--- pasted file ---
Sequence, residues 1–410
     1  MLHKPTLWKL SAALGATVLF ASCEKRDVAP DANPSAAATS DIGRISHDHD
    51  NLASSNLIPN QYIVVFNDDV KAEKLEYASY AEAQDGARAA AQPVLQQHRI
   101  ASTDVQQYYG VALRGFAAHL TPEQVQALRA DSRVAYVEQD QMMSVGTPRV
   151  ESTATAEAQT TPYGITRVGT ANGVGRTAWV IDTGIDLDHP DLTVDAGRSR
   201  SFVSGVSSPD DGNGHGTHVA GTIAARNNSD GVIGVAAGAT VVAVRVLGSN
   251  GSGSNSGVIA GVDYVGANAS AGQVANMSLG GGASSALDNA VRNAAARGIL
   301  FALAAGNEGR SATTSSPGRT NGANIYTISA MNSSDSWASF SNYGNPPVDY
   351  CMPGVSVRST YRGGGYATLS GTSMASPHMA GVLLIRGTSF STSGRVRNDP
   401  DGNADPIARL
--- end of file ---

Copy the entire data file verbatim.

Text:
Sequence, residues 1–410
     1  MLHKPTLWKL SAALGATVLF ASCEKRDVAP DANPSAAATS DIGRISHDHD
    51  NLASSNLIPN QYIVVFNDDV KAEKLEYASY AEAQDGARAA AQPVLQQHRI
   101  ASTDVQQYYG VALRGFAAHL TPEQVQALRA DSRVAYVEQD QMMSVGTPRV
   151  ESTATAEAQT TPYGITRVGT ANGVGRTAWV IDTGIDLDHP DLTVDAGRSR
   201  SFVSGVSSPD DGNGHGTHVA GTIAARNNSD GVIGVAAGAT VVAVRVLGSN
   251  GSGSNSGVIA GVDYVGANAS AGQVANMSLG GGASSALDNA VRNAAARGIL
   301  FALAAGNEGR SATTSSPGRT NGANIYTISA MNSSDSWASF SNYGNPPVDY
   351  CMPGVSVRST YRGGGYATLS GTSMASPHMA GVLLIRGTSF STSGRVRNDP
   401  DGNADPIARL